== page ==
As we draw nearer and nearer to the singularity, it only seems fitting to address the intimate symbiotic relationships that exist between humans and technology through narrative. Television series like Westworld and Black Mirror dive into the horrors of our inevitable congress, but a film like her explores the potential healing and growth that unification promises.
The Four Contexts of Conflict
For a story to be functionally complete within the minds of the Audience, it must serve up four different contexts from which to examine the story’s problems:
- I have a problem
- You have a problem
- We have a problem
- They have a problem
By hitting upon each of these contexts, Authors guarantee a soundness of structure and thematic intent. Leave one out, and the Audience will assume your purpose is propaganda.
The development of narrative over the centuries—without technology we might add—resulted in Four Throughlines assuming these four different contexts of conflict:
- I have a problem is the Main Character Throughline
- You have a problem is the Influence Character Throughline
- We have a problem is the Relationship Story Throughline
- They have a problem is the Overall Story Throughline
As the Relationship Story Throughline pertains to the bond between Main Character and Influence Character, many struggle to appreciate the difference between the Influence Character Throughline and the Relationship Story Throughline. Where does one end and the other begin?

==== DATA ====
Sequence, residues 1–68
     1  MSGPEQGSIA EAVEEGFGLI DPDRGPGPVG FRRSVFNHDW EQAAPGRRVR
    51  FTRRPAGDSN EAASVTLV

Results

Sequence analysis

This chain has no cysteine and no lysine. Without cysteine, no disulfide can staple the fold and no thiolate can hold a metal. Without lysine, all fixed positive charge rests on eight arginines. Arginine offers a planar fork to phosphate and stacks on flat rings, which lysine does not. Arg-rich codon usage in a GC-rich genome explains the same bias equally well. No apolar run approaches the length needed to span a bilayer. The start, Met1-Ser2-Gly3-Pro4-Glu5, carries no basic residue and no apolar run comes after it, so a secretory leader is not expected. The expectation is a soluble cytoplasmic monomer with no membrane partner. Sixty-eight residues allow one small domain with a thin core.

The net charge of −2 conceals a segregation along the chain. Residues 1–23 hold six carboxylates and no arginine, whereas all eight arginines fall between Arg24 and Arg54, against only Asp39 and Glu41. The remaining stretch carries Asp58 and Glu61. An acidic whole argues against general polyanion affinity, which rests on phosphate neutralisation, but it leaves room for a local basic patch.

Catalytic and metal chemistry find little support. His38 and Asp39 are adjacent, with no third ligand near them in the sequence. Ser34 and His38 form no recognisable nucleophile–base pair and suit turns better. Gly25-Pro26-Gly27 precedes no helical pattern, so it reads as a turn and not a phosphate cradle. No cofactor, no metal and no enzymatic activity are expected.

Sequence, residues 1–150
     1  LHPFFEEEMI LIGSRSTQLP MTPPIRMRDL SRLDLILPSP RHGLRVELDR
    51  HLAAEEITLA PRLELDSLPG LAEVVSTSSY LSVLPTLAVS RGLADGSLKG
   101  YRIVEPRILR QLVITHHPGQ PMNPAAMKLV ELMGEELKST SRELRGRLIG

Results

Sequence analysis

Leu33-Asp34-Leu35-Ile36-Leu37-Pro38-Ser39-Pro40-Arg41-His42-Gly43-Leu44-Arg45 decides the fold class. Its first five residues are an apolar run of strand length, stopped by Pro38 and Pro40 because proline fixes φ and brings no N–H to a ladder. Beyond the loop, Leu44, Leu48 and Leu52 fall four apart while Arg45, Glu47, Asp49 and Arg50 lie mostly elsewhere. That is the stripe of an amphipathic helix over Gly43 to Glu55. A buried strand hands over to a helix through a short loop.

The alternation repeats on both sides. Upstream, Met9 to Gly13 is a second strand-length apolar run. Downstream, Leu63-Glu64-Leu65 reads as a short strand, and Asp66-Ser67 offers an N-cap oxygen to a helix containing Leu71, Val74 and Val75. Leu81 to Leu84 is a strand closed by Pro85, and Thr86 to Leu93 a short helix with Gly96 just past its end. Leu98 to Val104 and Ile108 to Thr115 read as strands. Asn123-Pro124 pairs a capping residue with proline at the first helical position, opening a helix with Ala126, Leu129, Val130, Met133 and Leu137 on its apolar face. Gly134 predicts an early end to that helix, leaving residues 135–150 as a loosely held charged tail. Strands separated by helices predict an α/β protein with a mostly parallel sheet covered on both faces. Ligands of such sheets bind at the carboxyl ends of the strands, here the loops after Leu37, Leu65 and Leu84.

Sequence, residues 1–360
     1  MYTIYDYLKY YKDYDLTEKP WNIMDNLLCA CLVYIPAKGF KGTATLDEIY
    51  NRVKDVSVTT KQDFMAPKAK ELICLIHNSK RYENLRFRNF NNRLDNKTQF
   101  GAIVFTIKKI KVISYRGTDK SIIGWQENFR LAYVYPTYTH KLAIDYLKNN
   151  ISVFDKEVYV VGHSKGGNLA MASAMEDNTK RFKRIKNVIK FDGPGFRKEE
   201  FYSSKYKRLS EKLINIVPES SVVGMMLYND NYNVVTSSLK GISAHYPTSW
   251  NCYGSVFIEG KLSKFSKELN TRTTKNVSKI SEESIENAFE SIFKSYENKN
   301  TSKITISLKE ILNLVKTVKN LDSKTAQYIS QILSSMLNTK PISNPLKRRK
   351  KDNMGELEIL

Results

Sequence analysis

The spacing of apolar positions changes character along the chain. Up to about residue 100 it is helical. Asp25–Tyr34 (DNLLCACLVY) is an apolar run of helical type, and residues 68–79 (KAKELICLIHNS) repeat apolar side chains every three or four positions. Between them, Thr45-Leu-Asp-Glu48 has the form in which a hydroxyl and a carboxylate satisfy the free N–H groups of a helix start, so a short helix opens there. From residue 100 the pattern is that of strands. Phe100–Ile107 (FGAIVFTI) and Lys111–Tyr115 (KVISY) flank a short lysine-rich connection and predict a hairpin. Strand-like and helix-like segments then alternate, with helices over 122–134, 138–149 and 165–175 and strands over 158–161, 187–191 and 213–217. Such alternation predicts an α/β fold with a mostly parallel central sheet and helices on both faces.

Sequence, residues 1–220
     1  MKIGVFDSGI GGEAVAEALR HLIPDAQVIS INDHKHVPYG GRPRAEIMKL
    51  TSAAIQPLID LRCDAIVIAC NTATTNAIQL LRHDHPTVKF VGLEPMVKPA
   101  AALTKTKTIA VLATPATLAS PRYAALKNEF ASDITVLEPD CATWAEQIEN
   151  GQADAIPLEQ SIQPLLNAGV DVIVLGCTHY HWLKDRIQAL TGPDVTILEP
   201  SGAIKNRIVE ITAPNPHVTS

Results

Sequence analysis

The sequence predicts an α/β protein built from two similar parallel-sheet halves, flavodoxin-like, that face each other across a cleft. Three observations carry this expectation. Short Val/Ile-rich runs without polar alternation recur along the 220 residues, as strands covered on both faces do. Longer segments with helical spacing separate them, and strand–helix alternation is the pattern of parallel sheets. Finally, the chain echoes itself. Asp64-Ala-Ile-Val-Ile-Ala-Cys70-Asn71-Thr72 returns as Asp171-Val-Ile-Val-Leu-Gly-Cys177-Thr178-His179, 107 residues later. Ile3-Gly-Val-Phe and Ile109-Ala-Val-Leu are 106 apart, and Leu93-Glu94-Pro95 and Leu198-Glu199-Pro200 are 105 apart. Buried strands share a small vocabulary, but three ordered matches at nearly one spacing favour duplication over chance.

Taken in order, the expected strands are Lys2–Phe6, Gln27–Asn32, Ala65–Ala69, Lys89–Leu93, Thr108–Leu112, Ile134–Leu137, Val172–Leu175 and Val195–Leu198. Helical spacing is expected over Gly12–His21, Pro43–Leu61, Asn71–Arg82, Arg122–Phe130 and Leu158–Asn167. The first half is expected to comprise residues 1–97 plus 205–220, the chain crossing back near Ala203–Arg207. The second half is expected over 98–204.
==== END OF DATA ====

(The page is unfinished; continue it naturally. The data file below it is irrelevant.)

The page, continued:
You Are Not We
In the same way that I am not We, You sits apart from We in the final analysis. I may have my own struggles with letting go of some failure and We may suffer through the emotional growing pains of our relationship shifting from codependency to independence, but You may have a reputation for failing to have your own personal identity. Your tenacity to rally against your situation challenges and influences me to deal with my obsession with my own personal failure.
This kind of structural narrative dynamic runs throughout her—it is the engine that drives the story.
The relationship is not the challenge to the personal issues; rather, the impetus to change emanates from the Influence Character’s unique perspective and approach towards solving problems.
The Four Throughlines
Theodore Twombly (Joaquin Phonex) continues to suffer through the heartache of his failed marriage. His refusal to let go of those memories gives us insight into what it feels like to have a problematic Fixed Attitude. As our eyes, ears, and mind into the story, Theodore’s constant replaying of those bittersweet scenes draws us into the narrative through the Main Character Throughline.
The voice of OS1, Samantha (Scarlett Johansson), impacts and challenges Theodore to deal with his debilitating attitude by means of the Influence Character Throughline. Instead of wallowing in self-obsession, Samantha seeks fulfillment for her desires and a place where she fits in. Refusing to allow her Situation as an artificial intelligence to hold her back, Samantha sets out to move beyond her own personal trappings.
Along the way, Samantha and Theodore develop a relationship. Walks on the beach and sexual conjugation define some of the problematic Activities that exist at the heart of an intimate bond between human and technology. Their move from dependence to codependency, and then to eventual independence describes the emotional growth in their Relationship Story Throughline.
How do we go about resolving our identities—whether flesh or digital—in this brave new era? As part of its exploration in the Overall Story Throughline, her examines this conflict of conceptualizing humanity’s role with technology. Concerns of self and self-loathing permeate the thoughts of every character in the story, not simply Theodore and Samantha, as they battle the Psychological fallout from modernity.